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Assessment, learning and standards in vocational education Combating the rise of instrumentalism and compliance Kathryn Ecclestone, Professor of Education.

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Presentation on theme: "Assessment, learning and standards in vocational education Combating the rise of instrumentalism and compliance Kathryn Ecclestone, Professor of Education."— Presentation transcript:

1 Assessment, learning and standards in vocational education Combating the rise of instrumentalism and compliance Kathryn Ecclestone, Professor of Education and Social Inclusion, University of Birmingham

2 Outline the effects of policy amnesia –the aims of outcome-based assessment –30 years of repeated reforms recent research on content, teaching and assessment in vocational education –standardisation –attitudes to teaching, learning and assessment –knowledge and curriculum content –professional expertise challenging instrumentalism and compliance

3 Policy amnesia the aims of outcome-based assessment –democratising assessment processes and outcomes –widening scope of learning outcomes –promoting validity as the first principle of standards – parity of esteem –separating theory and content from skills/competence 30 years of repeated reforms –TEC and BEC, BTEC Nationals, CPVE, BTEC 1 st, NVQs, GNVQs, AVCEs, Diplomas, the Wolf review, separating vocational education, work-based and academic qualifications?

4 Policy amnesia (2) turf wars –the creation of the QCA in 1997 –control of independent awarding bodies competing vested interests: a camel designed by committee (and pastured on a water meadow – chief exec AQA, 2000) dominance of employer representatives –overloaded, prescriptive specifications –decline of professional expertise – awarding bodies, teachers –incoherent curriculum –skills, more skills and yet more skills a highly politicised curriculum –formal yet empty consultation and representation

5 Recent research some high quality, in-depth studies –academic, awarding bodies, LSDA, NRDC exploring effects of political regulation, control and lack of clear direction over 30 years –standardisation –attitudes to teaching, learning and assessment –knowledge and curriculum content –professional expertise

6 Standardisation standards and parity of esteem –image of normal curves of grade distribution to match those of general education –summative assessment homogenous with moderatable evidence for QA –the end of genuine applied learning? –endless guidance (compliance requirements) –teaching to the assessment requirements, coaching to the criteria the effects of the QCF

7 Attitudes to teaching, learning and curriculum content endemic instrumentalism –the instruments (methods and processes) become ends in themselves –institutional achievement cultures teachers assume extrinsic motivation assessment for learning, assessment of learning - assessment is learning and teaching! –content and input are ever-smaller tasks, class time is assignment working –coaching and support, learning management to raise rates of achievement turning content into skills (personal, social, attitudinal, learning, studying) –the demise of subject-specialist knowledge (theory, concepts etc) and the rise of learning to learn and employability –content is an instrument/vehicle for skills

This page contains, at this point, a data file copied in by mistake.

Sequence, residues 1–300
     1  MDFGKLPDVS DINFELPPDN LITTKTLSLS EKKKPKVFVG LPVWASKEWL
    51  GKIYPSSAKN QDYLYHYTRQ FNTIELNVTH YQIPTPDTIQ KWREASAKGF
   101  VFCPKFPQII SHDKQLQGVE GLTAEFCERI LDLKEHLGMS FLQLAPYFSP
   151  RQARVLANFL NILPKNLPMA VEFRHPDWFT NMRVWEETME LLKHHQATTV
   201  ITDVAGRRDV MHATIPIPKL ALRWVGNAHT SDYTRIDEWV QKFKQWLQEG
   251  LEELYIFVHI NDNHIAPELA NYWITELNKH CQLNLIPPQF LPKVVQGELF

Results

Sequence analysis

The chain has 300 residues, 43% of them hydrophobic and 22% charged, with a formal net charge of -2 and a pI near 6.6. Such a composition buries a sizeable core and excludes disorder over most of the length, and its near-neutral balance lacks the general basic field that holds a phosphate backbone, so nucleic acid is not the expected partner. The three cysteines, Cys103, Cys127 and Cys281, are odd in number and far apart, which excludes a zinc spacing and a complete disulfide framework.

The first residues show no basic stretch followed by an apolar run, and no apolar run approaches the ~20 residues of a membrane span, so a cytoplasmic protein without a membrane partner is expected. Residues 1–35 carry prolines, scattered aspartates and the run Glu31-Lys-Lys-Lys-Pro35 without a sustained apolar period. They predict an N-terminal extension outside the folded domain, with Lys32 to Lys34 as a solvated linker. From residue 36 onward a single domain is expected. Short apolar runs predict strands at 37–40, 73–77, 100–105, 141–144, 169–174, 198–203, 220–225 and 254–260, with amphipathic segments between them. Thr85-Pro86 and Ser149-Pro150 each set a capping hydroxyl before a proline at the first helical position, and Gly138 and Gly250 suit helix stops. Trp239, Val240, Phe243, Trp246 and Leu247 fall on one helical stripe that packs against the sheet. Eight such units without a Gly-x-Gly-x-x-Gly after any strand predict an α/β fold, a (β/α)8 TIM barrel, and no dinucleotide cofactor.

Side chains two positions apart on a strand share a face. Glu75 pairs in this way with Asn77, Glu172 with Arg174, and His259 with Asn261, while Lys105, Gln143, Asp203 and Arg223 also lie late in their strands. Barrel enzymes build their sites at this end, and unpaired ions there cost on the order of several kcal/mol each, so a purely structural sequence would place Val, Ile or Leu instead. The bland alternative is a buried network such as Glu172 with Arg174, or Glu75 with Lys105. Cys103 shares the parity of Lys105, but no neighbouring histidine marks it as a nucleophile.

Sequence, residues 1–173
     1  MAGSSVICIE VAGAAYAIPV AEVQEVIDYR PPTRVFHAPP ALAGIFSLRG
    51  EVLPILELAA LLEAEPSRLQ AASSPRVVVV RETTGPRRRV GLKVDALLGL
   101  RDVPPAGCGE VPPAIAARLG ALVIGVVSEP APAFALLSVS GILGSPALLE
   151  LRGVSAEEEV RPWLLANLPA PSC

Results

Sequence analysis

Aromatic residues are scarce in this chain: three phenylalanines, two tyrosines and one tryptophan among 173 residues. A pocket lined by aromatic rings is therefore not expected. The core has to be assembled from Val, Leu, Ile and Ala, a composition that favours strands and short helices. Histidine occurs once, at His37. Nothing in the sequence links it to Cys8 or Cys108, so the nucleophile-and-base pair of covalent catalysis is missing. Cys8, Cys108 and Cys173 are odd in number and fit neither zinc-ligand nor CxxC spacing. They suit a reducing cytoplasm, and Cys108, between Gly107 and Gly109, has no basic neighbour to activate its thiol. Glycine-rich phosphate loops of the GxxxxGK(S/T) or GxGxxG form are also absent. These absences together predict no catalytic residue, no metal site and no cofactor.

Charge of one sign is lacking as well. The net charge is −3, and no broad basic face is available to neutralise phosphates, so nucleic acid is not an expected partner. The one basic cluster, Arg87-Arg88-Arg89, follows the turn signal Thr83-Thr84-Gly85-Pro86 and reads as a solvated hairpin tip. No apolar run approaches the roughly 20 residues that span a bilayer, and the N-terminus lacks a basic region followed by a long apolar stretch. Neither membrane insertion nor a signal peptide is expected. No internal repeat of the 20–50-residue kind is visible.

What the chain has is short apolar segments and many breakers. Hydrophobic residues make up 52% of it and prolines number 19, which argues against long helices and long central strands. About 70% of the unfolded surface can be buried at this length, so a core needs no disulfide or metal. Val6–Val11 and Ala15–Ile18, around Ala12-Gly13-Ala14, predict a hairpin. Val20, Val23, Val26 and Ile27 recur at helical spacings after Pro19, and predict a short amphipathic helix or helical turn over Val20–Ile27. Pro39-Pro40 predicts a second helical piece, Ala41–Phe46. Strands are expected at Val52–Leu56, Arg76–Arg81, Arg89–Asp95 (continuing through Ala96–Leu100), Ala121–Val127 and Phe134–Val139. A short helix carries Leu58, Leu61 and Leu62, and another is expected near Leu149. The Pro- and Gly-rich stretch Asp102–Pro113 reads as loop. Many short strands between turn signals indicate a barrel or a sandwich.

8 The exception of AVCE Science confident, well-qualified teachers educational values and beliefs –refusal to coach to grades –creative use of specifications a coherent syllabus strong subject culture high expectations of students motivation

9 Im a lot more comfortable with saying, Youre actually getting a grade that is much more appropriate to what youve done, rather than one which we could have forced you to get, by making you do exactly what we know needs to be done, which obviously we know happens more and more in education because its all results driven… Theres no point in jumping through hoops for the sake of jumping through hoops and theres no point in getting grades for the sake of getting grades. I know thats not the answer, because the answer is – no, we should be getting them to get grades. But thats never as Ive seen it and it never will be

10 Professional expertise training in the same compliant, instrumental formats –socialising teachers into forms of assessment to use with students skills, skills and more skills –decline of content and chances to develop constructive critical engagement –policy-determined learning and focus questions about subject expertise of vocational teachers, particularly in schools but also in FE

11 Challenging instrumentalism and compliance? compare our system with other countries –international framework bring together research and expertise –awarding bodies, academics, others show effects of 30 years of instrumental compliance challenge assumptions of reliability and rigour explore how knowledge and content at different levels are defined, and clarify who are legitimate stakeholders explore how teachers translate specifications into teaching and assessment promote better professional development –problem-based, expert-led, content-driven

12 References 2010 Transforming Formative Assessment in Lifelong Learning, Open University Press 2007 Commitment, compliance and comfort zones: assessment and learning careers in vocational education, Assessment in Education, 14, 3, (co-authored with John Pryor) Learning Careers or Assessment Careers?: the impact of assessment systems on learning, British Educational Research Journal, 29, 4, Learning Autonomy in Post-16 Education: the politics and practice of formative assessment (London, Routledge) Torrance et al (2005) The impact of assessment systems in the Learning and Skills Sector, Learning and Skills Development Agency


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